We found basaloid differentiation to be a significant positive prognostic indicator in oropharyngeal squamous cell carcinoma. Patients with basaloid differentiated tumors had a 33% greater 5 year DSS compared to non-basaloid tumors. This finding has not previously been shown in a large series of patients. The positive prognostic implications of p16 have been well documented [10, 15, 18, 19]. The magnitude of survival advantage with basaloid differentiation was comparable to that of p16 positivity in this study. Patients who were p16 positive had a 38% greater 5 year DSS compared to p16 negative patients. Based on these results, comparable survival prognostication could be obtained from either basaloid differentiation or p16 IHC. This has immediate practical applications to regions of the world that do not have access to p16 IHC or other HPV-related assays.
Further prognostic information is provided by combining basaloid differentiation with p16 status. Patients with basaloid differentiated, p16 positive tumors had the best survival outcomes, followed by non-basaloid and p16 positive tumors, then basaloid and p16 negative tumors, and lastly non-basaloid and p16 negative tumors. Due to the added prognostic value of basaloid differentiation, we are of the opinion that this feature should be routinely reported by qualified pathologists.
There were some limitations in this study. The retrospective nature of the study means that not all factors such as Eastern Cooperative Oncology Group (ECOG) Performance Status  and Charlson Comorbidity Index (CCI)  were taken into account. In addition, smoking status and alcohol consumption data were unreliable and thus not included in our multivariate analysis. There is, therefore, potential for bias within the groups, which may impact outcomes. In addition, the treatment modalities used were not equally distributed between groups and this could be another confounding factor beyond our control. One possible explanation for this is that basaloid differentiated and p16 positive patients were more likely to have nodal disease and may have been treated more aggressively with surgery followed by chemoradiation for this reason. All patients were identified from and treated at a single institution and although our institution is responsible for treatment of all oropharyngeal cancer within the region, our outcomes and treatment modalities may not be representative of other centers. Some patients were not able to be included in the study due to inadequate tissue availability for analysis. We were unable to perform real-time PCR analysis for HPV which would provide additional HPV status information. This would involve RNA isolation from the tissue samples and cDNA amplification which was not possible with the FFPE specimens used in this study.
Risk stratification and prognostication based on tumor molecular characteristics is rapidly expanding in head and neck cancer. The focus has been on adding additional significant molecular markers to the array in order to gain further prognostic information and guide management. There is additional value and information to be obtained from a process that is already routinely performed, H&E staining. Basaloid differentiation in oropharyngeal cancer is an easy and inexpensive predictor of survival. The significant survival advantage based on basaloid differentiation alone is a novel finding for which the molecular basis should be further explored.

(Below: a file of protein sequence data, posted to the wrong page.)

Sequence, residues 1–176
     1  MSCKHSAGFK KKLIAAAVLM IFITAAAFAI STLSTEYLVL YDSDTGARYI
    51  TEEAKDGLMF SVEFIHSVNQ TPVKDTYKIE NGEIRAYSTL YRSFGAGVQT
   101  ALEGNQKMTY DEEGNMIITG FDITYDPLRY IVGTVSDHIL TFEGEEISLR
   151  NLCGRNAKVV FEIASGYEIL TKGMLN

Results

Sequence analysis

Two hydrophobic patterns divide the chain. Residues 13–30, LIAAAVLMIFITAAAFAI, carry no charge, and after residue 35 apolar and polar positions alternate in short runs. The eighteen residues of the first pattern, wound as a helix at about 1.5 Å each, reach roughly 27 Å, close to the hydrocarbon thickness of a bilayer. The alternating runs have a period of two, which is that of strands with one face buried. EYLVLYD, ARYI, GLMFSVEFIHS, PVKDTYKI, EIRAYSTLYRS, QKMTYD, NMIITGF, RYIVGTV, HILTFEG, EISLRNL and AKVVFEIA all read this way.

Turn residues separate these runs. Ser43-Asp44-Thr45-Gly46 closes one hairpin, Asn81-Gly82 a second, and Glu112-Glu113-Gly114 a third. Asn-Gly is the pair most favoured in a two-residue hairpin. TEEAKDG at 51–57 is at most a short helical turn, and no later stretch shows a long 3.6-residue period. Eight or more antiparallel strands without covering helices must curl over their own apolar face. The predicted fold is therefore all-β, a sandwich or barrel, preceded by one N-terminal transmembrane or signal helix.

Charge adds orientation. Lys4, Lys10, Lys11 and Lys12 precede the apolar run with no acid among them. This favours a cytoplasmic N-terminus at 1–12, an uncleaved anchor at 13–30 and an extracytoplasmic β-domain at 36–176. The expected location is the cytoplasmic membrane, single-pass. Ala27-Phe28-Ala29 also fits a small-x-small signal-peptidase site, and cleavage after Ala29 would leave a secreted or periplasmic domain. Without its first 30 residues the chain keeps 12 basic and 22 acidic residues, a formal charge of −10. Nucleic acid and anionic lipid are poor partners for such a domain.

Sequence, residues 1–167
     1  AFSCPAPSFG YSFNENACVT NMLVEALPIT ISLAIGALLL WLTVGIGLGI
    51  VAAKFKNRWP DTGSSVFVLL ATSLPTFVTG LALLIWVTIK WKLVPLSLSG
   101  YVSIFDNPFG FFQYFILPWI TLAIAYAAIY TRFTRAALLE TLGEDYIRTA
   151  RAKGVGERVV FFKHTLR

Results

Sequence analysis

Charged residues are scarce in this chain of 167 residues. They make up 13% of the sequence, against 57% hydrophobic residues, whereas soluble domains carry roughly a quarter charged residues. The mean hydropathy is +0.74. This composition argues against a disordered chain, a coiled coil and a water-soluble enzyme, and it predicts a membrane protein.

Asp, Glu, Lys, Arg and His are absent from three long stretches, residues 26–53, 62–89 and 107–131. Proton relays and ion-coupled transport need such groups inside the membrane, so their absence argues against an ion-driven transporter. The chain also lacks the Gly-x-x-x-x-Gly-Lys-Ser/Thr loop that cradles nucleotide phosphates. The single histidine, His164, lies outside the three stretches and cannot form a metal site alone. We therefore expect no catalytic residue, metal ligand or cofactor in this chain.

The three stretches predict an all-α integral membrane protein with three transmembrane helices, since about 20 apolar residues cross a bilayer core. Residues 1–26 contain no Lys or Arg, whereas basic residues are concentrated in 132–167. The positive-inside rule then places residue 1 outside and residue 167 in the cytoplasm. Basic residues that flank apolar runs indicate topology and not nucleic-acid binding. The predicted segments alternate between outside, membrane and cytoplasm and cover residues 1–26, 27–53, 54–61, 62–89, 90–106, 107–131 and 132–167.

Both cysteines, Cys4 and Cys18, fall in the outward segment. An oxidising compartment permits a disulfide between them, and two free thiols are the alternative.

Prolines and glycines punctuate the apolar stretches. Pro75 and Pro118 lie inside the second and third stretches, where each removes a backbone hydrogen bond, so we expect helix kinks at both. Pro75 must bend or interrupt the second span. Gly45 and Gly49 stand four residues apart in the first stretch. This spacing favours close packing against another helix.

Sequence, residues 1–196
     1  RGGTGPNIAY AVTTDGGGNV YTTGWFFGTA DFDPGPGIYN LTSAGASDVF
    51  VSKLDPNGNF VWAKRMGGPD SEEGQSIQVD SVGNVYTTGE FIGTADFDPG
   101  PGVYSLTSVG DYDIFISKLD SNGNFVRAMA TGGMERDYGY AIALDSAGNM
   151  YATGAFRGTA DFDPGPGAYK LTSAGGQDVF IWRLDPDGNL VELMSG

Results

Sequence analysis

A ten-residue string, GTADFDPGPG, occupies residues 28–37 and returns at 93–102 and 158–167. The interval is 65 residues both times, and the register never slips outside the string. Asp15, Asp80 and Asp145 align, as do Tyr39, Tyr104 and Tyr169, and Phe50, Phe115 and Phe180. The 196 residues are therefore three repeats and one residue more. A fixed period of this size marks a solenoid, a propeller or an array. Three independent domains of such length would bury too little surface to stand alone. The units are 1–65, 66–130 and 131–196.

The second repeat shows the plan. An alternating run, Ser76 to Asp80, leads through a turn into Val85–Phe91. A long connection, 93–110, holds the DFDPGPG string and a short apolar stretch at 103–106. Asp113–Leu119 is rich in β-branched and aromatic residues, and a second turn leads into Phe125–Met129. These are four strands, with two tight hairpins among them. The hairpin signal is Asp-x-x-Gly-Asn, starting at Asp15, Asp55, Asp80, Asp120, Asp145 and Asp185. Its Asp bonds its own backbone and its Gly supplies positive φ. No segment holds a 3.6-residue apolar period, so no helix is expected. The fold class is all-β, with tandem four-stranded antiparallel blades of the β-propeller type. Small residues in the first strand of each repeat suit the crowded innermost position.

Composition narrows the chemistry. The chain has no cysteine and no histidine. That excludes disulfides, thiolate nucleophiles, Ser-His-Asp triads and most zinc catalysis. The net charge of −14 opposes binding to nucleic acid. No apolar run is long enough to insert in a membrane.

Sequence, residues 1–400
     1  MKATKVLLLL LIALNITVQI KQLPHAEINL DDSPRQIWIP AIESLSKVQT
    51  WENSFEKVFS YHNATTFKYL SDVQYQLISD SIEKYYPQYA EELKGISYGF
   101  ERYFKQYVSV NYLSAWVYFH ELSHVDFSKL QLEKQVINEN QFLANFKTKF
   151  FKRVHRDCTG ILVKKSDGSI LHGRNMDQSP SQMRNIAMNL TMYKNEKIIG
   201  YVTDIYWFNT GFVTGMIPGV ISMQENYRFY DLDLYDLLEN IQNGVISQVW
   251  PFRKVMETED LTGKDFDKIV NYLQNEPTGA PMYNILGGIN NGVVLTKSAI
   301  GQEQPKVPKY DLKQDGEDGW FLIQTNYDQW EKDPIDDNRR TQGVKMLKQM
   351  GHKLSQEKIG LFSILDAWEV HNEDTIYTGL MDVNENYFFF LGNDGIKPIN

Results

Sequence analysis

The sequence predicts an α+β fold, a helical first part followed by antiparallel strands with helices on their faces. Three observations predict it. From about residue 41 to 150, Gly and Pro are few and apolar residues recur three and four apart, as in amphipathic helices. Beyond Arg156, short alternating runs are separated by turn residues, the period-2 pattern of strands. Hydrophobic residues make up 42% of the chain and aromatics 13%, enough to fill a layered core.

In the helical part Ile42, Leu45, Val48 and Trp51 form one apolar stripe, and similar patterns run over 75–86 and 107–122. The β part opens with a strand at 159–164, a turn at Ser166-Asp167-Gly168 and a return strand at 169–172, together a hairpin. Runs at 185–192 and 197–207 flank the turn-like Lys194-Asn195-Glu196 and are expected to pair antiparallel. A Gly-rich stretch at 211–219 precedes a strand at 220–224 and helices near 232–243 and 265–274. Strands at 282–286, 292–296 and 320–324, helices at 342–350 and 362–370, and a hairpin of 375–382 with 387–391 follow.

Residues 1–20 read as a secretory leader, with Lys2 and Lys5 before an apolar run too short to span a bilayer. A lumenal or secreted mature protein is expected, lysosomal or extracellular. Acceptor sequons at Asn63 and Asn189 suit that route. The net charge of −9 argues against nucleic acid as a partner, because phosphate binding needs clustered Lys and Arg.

Charlson Comorbidity Index
Disease specific survival
Eastern Cooperative Oncology Group
Hematoxylin and eosin
Polymerase chain reaction
Reverse transcriptase polymerase chain reaction
We would like to acknowledge Mie Konno and Michelle Dean from the Tom Baker Cancer Center for TMA construction and AQUAnalysis. Also, Val Taylor and Steve Joy from the University of Alberta Department of Pathology for tissue specimen acquisition. Thank-you to Dr. David Côté from the Division of Otolaryngology-Head and Neck Surgery at the University of Alberta for assistance with critical revision of the manuscript.
- Cardesa A, Nadal A: Carcinoma of the head and neck in the HPV era. Acta Dermatovenerol Alp Panonica Adriat. 2011, 20 (3): 161-173.Google Scholar
- El-Mofty SK, Patil S: Human papillomavirus (HPV)-related oropharyngeal nonkeratinizing squamous cell carcinoma: characterization of a distinct phenotype. Oral Surg Oral Med Oral Pathol Oral Radiol Endod. 2006, 101 (3): 339-345. 10.1016/j.tripleo.2005.08.001.PubMedView ArticleGoogle Scholar
- Gillison ML, Koch WM, Capone RB: Evidence for a causal association between human papillomavirus and a subset of head and neck cancers. J Natl Cancer Inst. 2000, 92 (9): 709-720. 10.1093/jnci/92.9.709.PubMedView ArticleGoogle Scholar
- Klussmann JP, Weissenborn SJ, Wieland U: Prevalence, distribution, and viral load of human papillomavirus 16 DNA in tonsillar carcinomas. Cancer. 2001, 92 (11): 2875-2884. 10.1002/1097-0142(20011201)92:11<2875::AID-CNCR10130>3.0.CO;2-7.PubMedView ArticleGoogle Scholar
- El-Mofty SK, Lu DW: Prevalence of human papillomavirus type 16 DNA in squamous cell carcinoma of the palatine tonsil, and not the oral cavity, in young patients: a distinct clinicopathologic and molecular disease entity. Am J Surg Pathol. 2003, 27 (11): 1463-1470. 10.1097/00000478-200311000-00010.PubMedView ArticleGoogle Scholar